The Trump administration announced Tuesday it would begin to unwind an Obama-era program that allows younger undocumented immigrants to live in the country without fear of deportation, calling the program unconstitutional but offering a partial delay to give Congress a chance to address the issue.
The decision, after weeks of intense deliberation between President Trump and his top advisers, represents a blow to hundreds of thousands of immigrants known as “dreamers” who have lived in the country illegally since they were children. But it also allows the White House to shift some of the pressure and burden of determining their future onto Congress, setting up a public fight over their legal status that is likely to be waged for months.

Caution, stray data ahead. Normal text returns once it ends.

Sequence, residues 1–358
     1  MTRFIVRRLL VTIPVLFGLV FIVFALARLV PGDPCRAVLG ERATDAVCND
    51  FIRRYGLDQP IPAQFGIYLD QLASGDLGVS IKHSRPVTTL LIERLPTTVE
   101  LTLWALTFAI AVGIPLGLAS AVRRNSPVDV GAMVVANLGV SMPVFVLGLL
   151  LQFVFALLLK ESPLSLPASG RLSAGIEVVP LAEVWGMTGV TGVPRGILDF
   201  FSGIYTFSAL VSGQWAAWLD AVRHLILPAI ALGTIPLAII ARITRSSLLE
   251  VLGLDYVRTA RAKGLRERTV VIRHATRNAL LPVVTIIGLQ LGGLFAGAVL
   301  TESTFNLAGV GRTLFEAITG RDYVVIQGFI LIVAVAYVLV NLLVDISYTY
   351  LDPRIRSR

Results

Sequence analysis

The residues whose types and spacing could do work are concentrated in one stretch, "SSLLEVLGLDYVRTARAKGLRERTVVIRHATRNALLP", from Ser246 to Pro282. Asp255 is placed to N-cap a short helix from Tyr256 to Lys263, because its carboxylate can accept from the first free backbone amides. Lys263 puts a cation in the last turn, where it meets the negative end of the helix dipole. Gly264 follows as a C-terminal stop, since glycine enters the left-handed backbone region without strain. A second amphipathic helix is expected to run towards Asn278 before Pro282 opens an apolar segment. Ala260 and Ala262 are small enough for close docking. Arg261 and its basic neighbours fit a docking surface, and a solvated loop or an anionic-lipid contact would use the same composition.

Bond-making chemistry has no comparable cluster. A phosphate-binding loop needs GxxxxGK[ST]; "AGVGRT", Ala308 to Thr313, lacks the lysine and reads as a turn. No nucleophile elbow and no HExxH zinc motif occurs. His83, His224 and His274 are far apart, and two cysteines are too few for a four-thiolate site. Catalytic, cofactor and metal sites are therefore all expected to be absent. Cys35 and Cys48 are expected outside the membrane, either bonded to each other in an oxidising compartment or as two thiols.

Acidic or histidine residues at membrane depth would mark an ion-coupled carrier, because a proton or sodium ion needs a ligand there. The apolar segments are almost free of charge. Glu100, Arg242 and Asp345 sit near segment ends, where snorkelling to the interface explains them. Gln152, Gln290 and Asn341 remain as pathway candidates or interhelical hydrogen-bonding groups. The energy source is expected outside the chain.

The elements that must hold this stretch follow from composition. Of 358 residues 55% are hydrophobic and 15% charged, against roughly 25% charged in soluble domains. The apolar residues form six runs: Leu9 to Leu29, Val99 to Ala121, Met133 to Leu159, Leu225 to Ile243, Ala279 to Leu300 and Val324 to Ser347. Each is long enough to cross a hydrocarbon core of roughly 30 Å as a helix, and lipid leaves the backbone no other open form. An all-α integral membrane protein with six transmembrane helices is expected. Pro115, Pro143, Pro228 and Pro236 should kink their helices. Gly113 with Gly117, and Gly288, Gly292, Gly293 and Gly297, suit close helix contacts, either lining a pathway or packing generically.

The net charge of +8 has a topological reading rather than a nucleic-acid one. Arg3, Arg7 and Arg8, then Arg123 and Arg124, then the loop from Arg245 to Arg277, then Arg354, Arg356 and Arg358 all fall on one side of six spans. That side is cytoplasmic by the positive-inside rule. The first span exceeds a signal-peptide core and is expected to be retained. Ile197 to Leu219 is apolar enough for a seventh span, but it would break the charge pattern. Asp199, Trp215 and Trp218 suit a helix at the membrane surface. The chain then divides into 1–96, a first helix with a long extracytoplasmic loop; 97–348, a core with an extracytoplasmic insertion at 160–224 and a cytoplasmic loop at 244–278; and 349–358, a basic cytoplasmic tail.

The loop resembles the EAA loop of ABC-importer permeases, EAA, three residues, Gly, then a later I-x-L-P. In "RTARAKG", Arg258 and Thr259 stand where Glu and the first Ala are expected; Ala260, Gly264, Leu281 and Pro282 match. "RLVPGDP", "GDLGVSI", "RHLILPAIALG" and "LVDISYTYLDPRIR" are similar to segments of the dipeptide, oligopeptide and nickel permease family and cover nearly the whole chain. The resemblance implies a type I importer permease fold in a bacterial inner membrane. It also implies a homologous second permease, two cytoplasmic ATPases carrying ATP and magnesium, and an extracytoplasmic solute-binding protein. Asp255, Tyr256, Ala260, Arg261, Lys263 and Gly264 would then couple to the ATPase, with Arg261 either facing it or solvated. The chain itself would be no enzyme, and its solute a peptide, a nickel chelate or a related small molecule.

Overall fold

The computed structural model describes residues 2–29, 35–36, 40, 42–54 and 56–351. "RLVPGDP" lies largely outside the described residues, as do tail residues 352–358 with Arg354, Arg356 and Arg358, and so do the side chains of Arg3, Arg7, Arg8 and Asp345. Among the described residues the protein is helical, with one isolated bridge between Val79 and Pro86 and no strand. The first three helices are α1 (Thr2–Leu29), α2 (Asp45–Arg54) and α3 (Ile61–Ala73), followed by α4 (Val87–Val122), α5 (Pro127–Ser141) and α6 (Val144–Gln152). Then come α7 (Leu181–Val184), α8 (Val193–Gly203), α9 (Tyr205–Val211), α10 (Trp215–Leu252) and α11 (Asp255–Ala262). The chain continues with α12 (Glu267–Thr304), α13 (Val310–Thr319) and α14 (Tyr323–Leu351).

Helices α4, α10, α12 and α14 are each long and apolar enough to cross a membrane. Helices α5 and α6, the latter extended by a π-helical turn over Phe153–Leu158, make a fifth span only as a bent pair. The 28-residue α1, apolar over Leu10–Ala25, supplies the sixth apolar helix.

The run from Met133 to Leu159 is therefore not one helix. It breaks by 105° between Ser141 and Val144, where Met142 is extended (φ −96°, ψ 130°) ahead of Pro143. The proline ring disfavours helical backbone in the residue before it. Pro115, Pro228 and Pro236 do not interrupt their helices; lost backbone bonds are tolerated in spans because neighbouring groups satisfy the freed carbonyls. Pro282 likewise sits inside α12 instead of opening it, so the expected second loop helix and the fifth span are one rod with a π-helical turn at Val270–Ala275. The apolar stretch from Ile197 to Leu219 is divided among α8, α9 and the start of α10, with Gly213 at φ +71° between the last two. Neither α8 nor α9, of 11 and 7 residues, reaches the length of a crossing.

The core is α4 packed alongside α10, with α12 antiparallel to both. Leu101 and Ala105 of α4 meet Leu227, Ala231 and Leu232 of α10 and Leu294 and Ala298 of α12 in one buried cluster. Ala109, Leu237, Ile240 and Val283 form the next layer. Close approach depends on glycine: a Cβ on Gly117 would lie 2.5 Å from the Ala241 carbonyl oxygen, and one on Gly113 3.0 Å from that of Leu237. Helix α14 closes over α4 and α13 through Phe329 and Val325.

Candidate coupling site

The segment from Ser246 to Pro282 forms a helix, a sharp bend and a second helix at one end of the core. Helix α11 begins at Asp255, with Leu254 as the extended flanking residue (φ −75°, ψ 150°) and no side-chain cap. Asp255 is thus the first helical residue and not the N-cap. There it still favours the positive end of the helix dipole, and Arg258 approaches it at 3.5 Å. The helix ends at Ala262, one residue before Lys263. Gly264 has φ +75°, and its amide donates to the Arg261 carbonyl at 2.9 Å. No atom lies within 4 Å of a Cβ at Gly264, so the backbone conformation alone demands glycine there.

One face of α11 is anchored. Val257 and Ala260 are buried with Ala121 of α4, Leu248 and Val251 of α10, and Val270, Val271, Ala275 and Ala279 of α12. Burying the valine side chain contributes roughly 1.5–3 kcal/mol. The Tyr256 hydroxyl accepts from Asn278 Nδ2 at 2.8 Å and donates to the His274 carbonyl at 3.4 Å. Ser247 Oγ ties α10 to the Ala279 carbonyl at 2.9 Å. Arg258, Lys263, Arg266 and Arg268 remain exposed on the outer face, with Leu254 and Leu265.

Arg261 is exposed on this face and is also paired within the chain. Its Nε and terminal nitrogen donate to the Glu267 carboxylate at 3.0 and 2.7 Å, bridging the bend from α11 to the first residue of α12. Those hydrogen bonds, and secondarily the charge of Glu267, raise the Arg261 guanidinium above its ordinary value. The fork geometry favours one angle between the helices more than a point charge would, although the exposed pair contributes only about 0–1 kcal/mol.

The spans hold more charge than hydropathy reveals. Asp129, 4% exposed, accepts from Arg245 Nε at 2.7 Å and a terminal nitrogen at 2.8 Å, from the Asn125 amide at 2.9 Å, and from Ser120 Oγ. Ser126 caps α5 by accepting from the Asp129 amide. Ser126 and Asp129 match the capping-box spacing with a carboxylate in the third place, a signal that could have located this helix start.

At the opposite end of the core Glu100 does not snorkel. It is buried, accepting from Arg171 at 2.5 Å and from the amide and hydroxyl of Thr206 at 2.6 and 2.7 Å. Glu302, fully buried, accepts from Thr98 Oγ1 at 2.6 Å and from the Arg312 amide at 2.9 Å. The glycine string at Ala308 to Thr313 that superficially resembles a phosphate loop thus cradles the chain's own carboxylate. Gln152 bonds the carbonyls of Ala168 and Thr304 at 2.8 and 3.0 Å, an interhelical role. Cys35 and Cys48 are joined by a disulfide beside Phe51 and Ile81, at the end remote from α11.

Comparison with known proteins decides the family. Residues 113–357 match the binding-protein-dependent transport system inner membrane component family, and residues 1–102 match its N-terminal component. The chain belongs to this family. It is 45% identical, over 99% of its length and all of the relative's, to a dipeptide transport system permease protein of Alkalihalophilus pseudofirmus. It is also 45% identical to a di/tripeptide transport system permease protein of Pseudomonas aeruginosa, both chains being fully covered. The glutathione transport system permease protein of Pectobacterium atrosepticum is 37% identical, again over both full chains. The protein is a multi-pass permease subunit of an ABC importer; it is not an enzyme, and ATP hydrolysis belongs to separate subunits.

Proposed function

In announcing the decision at the Justice Department, Attorney General Jeff Sessions said that former president Barack Obama, who started the program in 2012 through executive action, “sought to achieve specifically what the legislative branch refused to do.”
He called it an “open-ended circumvention of immigration law through unconstitutional authority by the executive branch,” and said the program was unlikely to withstand court scrutiny.
The Department of Homeland Security said it would no longer accept new applications for Deferred Action for Childhood Arrivals, which has provided renewable, two-year work permits to nearly 800,000 dreamers. The agency said those enrolled in DACA will be able to continue working until their permits expire; those whose permits expire by March 5, 2018 will be permitted to apply for two-year renewals as long as they do so by Oct. 5.
New applications and renewal requests already received by DHS before Tuesday will be reviewed and validated on a case-by-case basis, even those for permits that expire after March 5, officials said.